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It's intentionally designed to run a control circuit to it to electrically short the breaker or fault it.
No, It has an auxiliary coil called a shunt trip (based on what I see) you apply voltage to the coli the coil operates the trip mechanism to open the circuit breakers. Commonly referred to as a shunt trip.
 

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No, It has an auxiliary coil called a shunt trip (based on what I see) you apply voltage to the coli the coil operates the trip mechanism to open the circuit breakers. Commonly referred to as a shunt trip.
Yeah! The control circuit controls the coil. Hence the control circuit.
 

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As Biran John said

its used to control (trip) the CB from a control system that could be an PLC for example or a remote location.
 

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Chrisibew440 said:
It's intentionally designed to run a control circuit to it to electrically short the breaker or fault it.
Huh?? Electrically short or fault the breaker?

You keep posting the craziest things, what scares me is I think you are serious and not just another troll.
 

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Huh?? Electrically short or fault the breaker?

You keep posting the craziest things, what scares me is I think you are serious and not just another troll.
Think out of the box dude. Your using electricity to " electrically open that breaker"
 

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Huh?? Electrically short or fault the breaker?

You keep posting the craziest things, what scares me is I think you are serious and not just another troll.
Unfortunately like many in the trade, just misinformed or misstated.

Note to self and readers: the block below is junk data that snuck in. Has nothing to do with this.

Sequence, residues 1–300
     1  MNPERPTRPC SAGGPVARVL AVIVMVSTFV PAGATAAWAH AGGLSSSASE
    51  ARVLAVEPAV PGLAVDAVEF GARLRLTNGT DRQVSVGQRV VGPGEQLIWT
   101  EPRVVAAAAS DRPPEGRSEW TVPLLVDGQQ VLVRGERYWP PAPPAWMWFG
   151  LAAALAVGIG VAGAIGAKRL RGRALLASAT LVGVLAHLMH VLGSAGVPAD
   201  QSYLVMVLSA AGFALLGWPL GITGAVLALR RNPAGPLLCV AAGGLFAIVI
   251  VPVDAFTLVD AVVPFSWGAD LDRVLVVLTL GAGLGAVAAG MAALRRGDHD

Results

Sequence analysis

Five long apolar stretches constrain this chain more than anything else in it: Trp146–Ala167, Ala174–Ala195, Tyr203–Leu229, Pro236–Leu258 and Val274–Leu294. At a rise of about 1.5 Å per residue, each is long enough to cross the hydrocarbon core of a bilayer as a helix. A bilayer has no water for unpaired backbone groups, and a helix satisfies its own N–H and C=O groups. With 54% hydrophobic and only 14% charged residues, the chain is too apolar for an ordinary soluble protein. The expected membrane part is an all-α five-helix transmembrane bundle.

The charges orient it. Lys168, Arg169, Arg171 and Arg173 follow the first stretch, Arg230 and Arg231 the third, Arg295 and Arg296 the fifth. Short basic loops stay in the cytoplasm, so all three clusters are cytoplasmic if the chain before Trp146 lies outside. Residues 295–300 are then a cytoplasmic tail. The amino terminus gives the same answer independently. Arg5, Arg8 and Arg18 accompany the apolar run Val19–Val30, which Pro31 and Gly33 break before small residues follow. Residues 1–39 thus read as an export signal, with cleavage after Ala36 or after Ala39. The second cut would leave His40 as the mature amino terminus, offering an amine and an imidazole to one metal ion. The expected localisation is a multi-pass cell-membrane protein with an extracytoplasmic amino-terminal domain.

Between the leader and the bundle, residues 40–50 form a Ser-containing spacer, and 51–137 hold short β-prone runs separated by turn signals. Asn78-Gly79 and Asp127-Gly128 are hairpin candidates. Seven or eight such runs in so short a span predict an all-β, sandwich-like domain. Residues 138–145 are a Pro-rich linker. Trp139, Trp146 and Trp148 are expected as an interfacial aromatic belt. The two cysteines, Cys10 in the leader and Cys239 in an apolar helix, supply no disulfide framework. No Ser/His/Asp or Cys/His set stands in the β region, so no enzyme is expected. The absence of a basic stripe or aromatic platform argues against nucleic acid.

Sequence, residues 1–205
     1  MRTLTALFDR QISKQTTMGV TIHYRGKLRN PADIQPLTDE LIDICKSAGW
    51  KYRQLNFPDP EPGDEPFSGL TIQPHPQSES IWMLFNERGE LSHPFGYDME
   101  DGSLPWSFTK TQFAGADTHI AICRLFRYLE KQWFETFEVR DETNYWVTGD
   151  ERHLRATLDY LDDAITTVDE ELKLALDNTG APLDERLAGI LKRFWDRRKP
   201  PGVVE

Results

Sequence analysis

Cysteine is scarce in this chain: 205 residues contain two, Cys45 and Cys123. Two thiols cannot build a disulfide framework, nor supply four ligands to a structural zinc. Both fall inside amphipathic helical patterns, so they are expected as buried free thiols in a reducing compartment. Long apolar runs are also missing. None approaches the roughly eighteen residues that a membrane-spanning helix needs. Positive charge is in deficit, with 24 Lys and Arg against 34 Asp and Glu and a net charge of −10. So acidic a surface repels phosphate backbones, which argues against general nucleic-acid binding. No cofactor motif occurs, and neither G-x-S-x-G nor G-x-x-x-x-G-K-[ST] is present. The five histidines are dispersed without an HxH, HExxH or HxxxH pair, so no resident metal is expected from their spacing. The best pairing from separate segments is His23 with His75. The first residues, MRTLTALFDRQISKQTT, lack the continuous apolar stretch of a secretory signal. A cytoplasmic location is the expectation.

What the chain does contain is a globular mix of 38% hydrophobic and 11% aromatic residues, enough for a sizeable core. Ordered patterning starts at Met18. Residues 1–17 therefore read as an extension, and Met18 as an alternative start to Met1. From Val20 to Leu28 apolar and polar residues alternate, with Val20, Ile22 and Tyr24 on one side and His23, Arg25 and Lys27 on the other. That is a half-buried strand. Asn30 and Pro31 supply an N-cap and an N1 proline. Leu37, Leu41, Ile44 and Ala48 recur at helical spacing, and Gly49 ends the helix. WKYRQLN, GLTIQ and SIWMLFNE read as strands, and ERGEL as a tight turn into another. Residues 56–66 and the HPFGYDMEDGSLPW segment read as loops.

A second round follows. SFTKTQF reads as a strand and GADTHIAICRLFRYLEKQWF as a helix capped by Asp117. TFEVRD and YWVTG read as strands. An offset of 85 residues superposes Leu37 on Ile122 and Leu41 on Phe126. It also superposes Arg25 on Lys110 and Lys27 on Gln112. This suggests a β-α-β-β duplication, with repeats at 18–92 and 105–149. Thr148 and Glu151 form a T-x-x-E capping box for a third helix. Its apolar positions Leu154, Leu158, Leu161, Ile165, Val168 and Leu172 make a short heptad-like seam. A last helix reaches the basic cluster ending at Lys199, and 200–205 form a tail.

I feel it is very important for electricians (heck any professional) fully understand the topic they are discussing will supplying information While I am no genius I do try like many of the members here to get the correct answers* involving the trade prior to posting. Though we all do make mistakes

*-Political view points excluded.
 

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Think out of the box dude. Your using electricity to " electrically open that breaker"
Not only were you wrong you refuse to accept the fact you were wrong.

Here is the difference

A shunt trip draw 1-20 amps
A short could be (assuming a 200 amp CB) 1200-2000 amps
A fault could be over 100,000 amps (depending on the many variables)
 

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Not only were you wrong you refuse to accept the fact you were wrong.

Here is the difference

A shunt trip draw 1-20 amps
A short could be (assuming a 200 amp CB) 1200-2000 amps
A fault could be over 100,000 amps (depending on the many variables)
Thanks for telling me stuff I know bro.
 

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I was never wrong I just express it differently. I've always called it an intentional fault. True! It is not a fault but the breaker opens as if it were in a fault condition.
I am not here to argue with you, but YOU WERE NOT JUST WRONG, you were dead wrong, not even in the ball park.

Major difference between what you said and how that circuit breaker works.
 
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